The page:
I found this really helps to increase weight loss and stamina

Bill De Giulio (author) from Massachusetts on May 06, 2013:

Sure. Any athletic activity can be a great form of cross-training. Just don't get injured with a contact sport. Otherwise it sounds like a great way to increase your strength and stamina.

Hope this helps and thanks for stopping by. Have a great day.

zamboy321 from Philippines on May 06, 2013:

Is combining with boxing or some martial arts and ball sports a good idea too?

Bill De Giulio (author) from Massachusetts on March 25, 2013:

Hi Arun. Thank you. Glad you enjoyed the hub. Thanks for stopping by.


The tips are very good and inspirational. Thanks.

Rajan Singh Jolly from From Mumbai, presently in Jalandhar, INDIA. on March 24, 2013:

Very useful tips and suggestions Bill. Thanks for sharing. Voted up, useful and shared.

Bill De Giulio (author) from Massachusetts on March 06, 2013:

I am right there with you September61. I've been running for over 30 years and yes, it is different, and it does require a new and different mind set. For me, I look at it totally different now from when I was younger. Back then I was about competing and setting pr's. Now, I run for the enjoyment, the participation, and the health benefits and I do a bit of destination racing, where we go someplace nice to get away, and run a race while we're there. The aches and pains are a part of life. I look at it like this, those who don't run have more aches and pains than I do so the benefit to continuing to run is there. You have brought up an excellent point, starting to run at 50 is so much different than running at 50 after doing it all of your life. Thanks for the insightful comments.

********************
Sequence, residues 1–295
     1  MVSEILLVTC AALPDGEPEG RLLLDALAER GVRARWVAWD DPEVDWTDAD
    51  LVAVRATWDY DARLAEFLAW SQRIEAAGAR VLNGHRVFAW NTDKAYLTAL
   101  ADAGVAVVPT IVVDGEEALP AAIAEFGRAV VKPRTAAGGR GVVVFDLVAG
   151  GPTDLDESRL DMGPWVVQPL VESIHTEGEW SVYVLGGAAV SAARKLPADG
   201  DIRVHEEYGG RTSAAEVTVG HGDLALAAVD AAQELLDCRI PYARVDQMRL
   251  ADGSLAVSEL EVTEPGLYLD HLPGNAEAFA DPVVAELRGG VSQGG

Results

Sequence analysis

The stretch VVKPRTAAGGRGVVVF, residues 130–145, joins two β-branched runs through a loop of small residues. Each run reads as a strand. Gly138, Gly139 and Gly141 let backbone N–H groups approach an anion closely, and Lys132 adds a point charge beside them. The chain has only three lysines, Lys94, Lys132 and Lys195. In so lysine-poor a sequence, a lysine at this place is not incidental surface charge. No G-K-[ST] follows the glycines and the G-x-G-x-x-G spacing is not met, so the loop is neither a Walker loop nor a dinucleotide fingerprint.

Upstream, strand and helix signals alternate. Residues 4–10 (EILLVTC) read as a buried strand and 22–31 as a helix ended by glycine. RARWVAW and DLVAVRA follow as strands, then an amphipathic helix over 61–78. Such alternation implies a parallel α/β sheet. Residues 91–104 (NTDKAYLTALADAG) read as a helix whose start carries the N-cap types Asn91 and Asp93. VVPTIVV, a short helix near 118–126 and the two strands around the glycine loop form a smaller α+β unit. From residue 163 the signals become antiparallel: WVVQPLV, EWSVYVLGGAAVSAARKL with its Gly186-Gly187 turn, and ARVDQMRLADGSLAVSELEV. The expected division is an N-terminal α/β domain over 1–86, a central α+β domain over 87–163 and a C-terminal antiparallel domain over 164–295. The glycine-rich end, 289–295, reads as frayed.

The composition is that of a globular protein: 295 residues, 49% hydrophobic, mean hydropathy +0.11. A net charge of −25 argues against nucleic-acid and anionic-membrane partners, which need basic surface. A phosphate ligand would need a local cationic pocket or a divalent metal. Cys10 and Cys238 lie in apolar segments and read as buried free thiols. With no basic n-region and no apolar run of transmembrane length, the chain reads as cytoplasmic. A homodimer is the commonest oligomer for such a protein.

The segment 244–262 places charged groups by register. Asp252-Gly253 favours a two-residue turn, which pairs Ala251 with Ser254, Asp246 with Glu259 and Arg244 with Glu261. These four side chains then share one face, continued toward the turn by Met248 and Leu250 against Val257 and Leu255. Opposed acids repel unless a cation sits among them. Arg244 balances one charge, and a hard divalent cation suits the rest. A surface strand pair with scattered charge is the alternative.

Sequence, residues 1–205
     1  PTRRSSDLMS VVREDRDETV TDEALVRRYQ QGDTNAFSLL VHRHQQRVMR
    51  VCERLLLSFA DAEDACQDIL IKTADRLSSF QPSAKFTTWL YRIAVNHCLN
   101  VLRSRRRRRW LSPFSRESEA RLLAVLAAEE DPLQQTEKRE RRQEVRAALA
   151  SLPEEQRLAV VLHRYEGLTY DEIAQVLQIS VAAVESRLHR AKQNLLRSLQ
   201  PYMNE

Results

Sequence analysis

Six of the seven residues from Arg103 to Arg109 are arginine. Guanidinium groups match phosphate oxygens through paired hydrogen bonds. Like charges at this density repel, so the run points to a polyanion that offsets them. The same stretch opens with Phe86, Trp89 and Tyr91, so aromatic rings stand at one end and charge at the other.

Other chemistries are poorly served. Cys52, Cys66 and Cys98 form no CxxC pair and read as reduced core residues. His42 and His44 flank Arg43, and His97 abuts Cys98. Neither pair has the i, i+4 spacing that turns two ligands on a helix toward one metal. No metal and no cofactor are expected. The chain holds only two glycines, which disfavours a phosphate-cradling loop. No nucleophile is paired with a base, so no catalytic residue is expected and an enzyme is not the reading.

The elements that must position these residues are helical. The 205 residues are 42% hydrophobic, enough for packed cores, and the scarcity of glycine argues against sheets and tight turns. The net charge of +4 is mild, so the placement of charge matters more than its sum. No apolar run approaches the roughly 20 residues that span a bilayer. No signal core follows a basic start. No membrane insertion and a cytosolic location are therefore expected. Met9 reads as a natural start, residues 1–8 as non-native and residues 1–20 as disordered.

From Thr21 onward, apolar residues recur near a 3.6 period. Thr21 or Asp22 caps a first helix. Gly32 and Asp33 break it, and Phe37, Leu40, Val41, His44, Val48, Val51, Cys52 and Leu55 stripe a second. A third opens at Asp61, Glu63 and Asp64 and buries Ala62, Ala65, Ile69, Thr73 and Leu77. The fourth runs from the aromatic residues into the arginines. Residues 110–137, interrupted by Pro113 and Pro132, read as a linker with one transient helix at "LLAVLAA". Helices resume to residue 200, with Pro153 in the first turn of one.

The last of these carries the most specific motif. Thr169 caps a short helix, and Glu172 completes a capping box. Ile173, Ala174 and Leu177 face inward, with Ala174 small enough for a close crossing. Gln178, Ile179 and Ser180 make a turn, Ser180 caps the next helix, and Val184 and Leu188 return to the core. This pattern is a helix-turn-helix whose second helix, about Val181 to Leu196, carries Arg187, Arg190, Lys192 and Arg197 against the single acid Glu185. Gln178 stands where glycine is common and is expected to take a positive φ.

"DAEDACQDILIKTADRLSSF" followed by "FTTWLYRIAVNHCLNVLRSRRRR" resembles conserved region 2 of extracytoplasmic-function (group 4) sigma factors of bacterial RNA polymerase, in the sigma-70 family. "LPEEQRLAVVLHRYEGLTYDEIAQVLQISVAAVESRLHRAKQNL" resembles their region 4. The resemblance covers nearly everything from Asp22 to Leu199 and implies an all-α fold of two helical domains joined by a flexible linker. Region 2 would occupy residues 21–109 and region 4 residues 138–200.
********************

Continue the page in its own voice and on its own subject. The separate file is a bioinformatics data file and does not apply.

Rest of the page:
September61 on March 05, 2013:

I really liked your article, best one I have found for over 50 running. Running after 50 is distressing. You spend your previous running life just improving and all of a sudden life puts the brakes on. It's defeating. I still do it cause I love it but - it's different. It's a different mind set as well as being a physical change. If you have been running for decades by 50 it's a different story than beginning at 50. Those beginning should be psyched, I think they will have (ok some aches) but really positive benefits, on the other hand if you have been doing it for decades - it seems to be all downhill and not in a good way. Any words of encouragement to deal with the slow down, and how you handle it would be much appreciated.

Bill De Giulio (author) from Massachusetts on February 27, 2013:

Hi khmohsin. Thanks for the great comments. As you pointed out there are many benefits to running. Glad you enjoyed the hub.

khmohsin on February 27, 2013:

Physical activities like running can boost your energy, making you less tired during the day. They can also help normalize your sleep cycle, allowing you to get a better night's rest.

However, running too close to bedtime may interfere with your ability to fall asleep, so you may need to plan your runs earlier in the day. Your hub is simply unique, helpful and amazing. Thanks for sharing your knowledge. :)

Bill De Giulio (author) from Massachusetts on February 26, 2013:

Yvonne, there really is no right or wrong with running. If you are getting out there, getting some exercise, and challenging yourself then you are doing A-okay. Don't second guess yourself. Everyone has different form, ability, potential, and reasons for running. If it is something you think you will enjoy then go for it. Best of luck and thanks for stopping by.

Yvonne Spence from UK on February 26, 2013:

This is very interesting information. I only took up running after 50, and I have to confess I've never progressed much with it because I've not been sure if I was doing it okay. I did have one run with a seasoned runner who said my technique was fine, and having read this I think I will feel more confident about getting back to it.

Bill De Giulio (author) from Massachusetts on January 14, 2013: